“I saw the value of it and the potential. I’m fascinated with projects that are about inner-connecting humans and the human experience,” he continued.
The two joined forces and created the award-winning Ballerz World app.
Damuth is now a project manager at the veteran-owned Solute contracting company where he leads a team of engineers who work closely with defense contractors to integrate mobile technology into the Navy fleet.
Damuth said his years of service prepared him for this career by accelerating his life.
“I didn’t learn programming in a college. I was very self-taught and so when you go that path, it’s difficult and you have to earn your stripes. It’s a slow-going, uphill path. That was why I moved to the Navy at 26. I knew this would be a long, hard road doing this on my own. With all of the training I got as an ET, it gives me a powerful perspective on computer engineering and computer science,” Damuth said.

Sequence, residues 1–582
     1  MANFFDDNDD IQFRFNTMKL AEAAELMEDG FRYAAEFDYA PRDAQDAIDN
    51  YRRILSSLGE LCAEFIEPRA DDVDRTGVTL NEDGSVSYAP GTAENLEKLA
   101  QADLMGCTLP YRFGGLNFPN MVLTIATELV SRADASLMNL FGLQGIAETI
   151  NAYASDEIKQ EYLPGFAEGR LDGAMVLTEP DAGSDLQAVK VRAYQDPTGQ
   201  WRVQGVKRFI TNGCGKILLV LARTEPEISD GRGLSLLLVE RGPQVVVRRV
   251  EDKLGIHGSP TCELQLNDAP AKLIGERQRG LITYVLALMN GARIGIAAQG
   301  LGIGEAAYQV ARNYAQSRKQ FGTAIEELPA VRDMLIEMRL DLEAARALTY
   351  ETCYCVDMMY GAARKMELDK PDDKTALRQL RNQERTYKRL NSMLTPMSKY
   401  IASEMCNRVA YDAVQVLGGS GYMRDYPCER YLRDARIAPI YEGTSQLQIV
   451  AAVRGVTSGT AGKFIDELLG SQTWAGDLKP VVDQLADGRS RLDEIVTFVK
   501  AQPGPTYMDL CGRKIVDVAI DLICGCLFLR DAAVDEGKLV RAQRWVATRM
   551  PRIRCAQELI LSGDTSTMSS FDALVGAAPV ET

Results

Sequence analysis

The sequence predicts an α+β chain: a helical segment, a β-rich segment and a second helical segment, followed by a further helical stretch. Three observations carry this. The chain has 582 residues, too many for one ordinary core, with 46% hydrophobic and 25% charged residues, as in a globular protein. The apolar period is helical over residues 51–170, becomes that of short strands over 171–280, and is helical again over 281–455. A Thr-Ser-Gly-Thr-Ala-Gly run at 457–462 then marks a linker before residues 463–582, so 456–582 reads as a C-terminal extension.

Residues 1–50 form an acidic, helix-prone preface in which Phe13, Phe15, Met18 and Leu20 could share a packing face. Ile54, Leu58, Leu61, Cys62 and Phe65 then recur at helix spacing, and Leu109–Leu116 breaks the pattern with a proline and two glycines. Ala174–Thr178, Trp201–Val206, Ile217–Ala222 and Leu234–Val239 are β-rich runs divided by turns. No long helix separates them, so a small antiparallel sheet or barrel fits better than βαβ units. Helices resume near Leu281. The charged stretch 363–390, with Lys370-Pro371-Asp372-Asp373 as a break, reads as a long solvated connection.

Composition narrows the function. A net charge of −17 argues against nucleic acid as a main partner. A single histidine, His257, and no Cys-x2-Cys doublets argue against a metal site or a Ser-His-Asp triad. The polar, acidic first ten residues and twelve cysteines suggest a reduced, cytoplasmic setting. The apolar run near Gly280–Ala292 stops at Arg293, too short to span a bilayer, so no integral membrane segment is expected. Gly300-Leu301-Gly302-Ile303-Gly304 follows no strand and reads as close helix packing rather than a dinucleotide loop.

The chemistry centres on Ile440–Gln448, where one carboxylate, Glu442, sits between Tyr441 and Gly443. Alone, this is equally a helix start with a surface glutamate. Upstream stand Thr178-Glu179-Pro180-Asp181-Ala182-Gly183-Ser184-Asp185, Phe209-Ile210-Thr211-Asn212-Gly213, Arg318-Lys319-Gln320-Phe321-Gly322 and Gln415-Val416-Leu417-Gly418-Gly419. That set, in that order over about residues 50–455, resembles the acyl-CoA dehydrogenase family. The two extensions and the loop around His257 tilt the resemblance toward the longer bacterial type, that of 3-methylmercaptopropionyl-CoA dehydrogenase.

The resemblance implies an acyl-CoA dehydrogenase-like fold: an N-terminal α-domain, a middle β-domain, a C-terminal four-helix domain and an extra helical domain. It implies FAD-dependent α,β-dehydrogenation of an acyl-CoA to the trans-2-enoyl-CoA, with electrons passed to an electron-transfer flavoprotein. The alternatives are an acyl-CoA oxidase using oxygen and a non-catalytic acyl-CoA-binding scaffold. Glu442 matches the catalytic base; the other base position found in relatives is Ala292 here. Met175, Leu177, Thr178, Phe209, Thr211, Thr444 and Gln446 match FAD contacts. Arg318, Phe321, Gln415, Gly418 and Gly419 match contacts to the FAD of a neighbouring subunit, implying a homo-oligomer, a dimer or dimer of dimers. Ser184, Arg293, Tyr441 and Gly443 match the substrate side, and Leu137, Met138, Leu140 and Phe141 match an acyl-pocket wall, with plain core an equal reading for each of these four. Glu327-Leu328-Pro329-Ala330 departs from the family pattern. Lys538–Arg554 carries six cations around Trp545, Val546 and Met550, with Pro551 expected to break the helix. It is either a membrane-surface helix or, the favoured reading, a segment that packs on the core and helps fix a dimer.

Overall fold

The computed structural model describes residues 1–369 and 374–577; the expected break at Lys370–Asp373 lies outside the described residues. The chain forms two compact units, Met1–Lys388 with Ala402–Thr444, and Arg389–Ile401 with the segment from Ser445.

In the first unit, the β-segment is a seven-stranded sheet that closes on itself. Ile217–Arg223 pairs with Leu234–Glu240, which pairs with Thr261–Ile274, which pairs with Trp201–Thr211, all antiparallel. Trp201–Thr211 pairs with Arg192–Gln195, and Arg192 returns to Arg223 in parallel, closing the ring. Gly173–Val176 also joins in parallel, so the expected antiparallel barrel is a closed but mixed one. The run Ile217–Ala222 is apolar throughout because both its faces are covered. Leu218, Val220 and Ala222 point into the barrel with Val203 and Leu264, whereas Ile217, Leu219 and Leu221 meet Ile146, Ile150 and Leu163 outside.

Damuth walked away with not only programming experience but a background in team management and teaching.
“I definitely would not have gotten to this level without the 11 years of military experience. Doors are wide-open now,” Damuth added.
Even if their military careers were focused in other directions, Damuth believes veterans are uniquely positioned for careers in technology in ways college students may not be.
“If you have a military background, a background in talking and managing and having things done on deadline, you’re at a huge advantage over collegiate,” Damuth explained.
Like Cox, Damuth urges service members seeking careers in technology to do their research.